Queen Elizabeth's Girls’ School

Written by  Friday, 28 August 2015 17:21
Queen Elizabeth's Girls’ School Queen Elizabeth's Girls’ School
Queen Elizabeth I’s charter of 1573 provided for ‘boys and youth’, but it was not until 1888 that Barnet got a school for girls.  Its oldest buildings are not just a gentle monument to a pioneering educational movement, but fine examples of the Arts and Crafts style.

They deserve to be on the Council’s list of local buildings worth protection.

Queen Elizabeth’s Girls’ School’s original home, Russell House on the High Street, was gradually altered and extended between 1890 and 1909 by the architect John Ladds (1835-1926).

The former assembly hall (now gym)The former assembly hall (now gym)About a third of the cost, £600, was donated by two governors, Misses Annie & Lucy Paget (who also sponsored the Hyde Institute in Church Passage).

Ladds’ work is not obvious from the road.  His assembly hall (now gym, 1909) faces the High Street, but is dwarfed by J.W. Fisher’s Neo-Georgian building (which replaced Russell House in 1924-7).

The rest is mostly obscured by modernist additions in the 1960s & 1970s, and can only be glimpsed from Meadway.

However they are fine examples of Arts and Crafts architecture and, I would argue, not only the best buildings on the campus, but among the best of their period in Chipping Barnet.

Their sturdy red brick and clay tiled construction is enlivened by original touches that give them an informal, almost domestic, charm.

The assembly hall façade is modest in size, but its symmetry, brick buttresses and pitched roof give it a Classical flavour; and its big central bay window supported on idiosyncratic brick corbelling lends a touch of grandeur.

Through it can be spied the fine timber trusses over its double-height hall. On its south wall, facing down the hill, is an entrance door – perhaps once the main one.

A stone plaque on the hall wall commemorates its opening.

Running back from the High Street is a two-storey classroom building, but the fall of the ground makes it seem much taller. It is cranked in plan, its walls are dramatically buttressed, and above them rides an array of brick, rendered and half-timbered gables completing a highly picturesque effect.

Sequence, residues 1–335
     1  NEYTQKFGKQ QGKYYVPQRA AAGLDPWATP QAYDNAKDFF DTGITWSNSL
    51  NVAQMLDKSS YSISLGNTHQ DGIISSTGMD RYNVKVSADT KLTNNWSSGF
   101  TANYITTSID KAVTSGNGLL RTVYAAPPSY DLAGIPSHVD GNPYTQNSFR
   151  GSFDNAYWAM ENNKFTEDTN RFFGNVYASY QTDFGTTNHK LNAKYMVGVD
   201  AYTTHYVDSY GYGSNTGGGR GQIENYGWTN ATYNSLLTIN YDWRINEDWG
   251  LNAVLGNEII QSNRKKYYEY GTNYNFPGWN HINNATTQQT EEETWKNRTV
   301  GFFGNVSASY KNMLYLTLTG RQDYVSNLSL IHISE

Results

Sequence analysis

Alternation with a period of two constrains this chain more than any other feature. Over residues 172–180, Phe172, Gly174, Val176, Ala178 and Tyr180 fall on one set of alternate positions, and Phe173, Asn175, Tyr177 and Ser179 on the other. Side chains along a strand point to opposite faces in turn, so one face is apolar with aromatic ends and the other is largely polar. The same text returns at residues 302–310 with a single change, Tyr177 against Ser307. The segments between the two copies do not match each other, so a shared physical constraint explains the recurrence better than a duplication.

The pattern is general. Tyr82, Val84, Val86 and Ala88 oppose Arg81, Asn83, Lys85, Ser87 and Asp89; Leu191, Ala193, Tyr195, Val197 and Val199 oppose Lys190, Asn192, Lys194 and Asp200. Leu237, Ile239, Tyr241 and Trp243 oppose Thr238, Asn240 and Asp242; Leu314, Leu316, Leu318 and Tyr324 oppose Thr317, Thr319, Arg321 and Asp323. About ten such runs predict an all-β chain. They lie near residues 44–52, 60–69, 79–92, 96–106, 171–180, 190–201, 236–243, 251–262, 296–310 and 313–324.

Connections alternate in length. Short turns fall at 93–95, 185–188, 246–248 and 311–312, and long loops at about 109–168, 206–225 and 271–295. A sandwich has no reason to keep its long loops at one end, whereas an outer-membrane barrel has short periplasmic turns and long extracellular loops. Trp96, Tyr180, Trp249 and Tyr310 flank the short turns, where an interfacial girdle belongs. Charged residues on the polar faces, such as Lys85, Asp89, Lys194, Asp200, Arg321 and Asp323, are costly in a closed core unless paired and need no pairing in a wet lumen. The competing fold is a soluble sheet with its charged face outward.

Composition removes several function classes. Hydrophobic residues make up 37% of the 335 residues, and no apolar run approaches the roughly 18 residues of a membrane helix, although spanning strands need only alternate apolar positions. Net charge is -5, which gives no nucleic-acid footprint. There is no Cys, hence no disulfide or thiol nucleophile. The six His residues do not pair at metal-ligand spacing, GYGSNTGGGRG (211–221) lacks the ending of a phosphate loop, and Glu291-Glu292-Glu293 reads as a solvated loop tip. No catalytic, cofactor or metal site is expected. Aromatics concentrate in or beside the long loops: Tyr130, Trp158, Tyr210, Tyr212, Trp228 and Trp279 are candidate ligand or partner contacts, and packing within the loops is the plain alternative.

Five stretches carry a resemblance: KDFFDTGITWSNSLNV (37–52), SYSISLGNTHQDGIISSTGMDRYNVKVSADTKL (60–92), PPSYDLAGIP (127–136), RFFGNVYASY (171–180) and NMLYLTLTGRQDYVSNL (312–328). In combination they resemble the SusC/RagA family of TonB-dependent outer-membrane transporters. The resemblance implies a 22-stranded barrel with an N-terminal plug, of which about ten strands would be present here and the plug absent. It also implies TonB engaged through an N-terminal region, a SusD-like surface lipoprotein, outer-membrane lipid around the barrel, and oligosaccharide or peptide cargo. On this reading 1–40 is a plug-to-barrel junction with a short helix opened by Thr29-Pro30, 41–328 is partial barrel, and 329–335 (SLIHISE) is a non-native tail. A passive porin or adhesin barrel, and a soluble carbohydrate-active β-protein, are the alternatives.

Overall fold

This style was popular at the turn of the century, in England and abroad. It was strongly influenced by the country houses of Norman Shaw, whose Grim’s Dyke nearby in Harrow helped start the trend in 1870.

Imagine Ladds’ buildings in blackened sandstone or white harling, and you might almost be looking at work by his more celebrated contemporary, Charles Rennie Mackintosh.

The stone plaque on the hall wallThe stone plaque on the hall wallThe combination of traditional materials and informal composition was a defining feature of the English Free Style.

It contrasts with both the Victorian Gothic of Queen Elizabeth’s Boys’ School (demolished to make way for Barnet College) and the Queen Anne style of London Board Schools.

I don’t suppose Ladds intended a feminist statement, but he gave QEGS a distinctive identity. His buildings were – and remain – a proud symbol of the value of education for girls in what was then still a small market town.

They have a quiet, human scale that has been increasingly lacking from architecture in the century since they were built.

They deserve to be on the list of local buildings to be protected, before pressures to expand or ‘improve’ the school damage or destroy their unique qualities.

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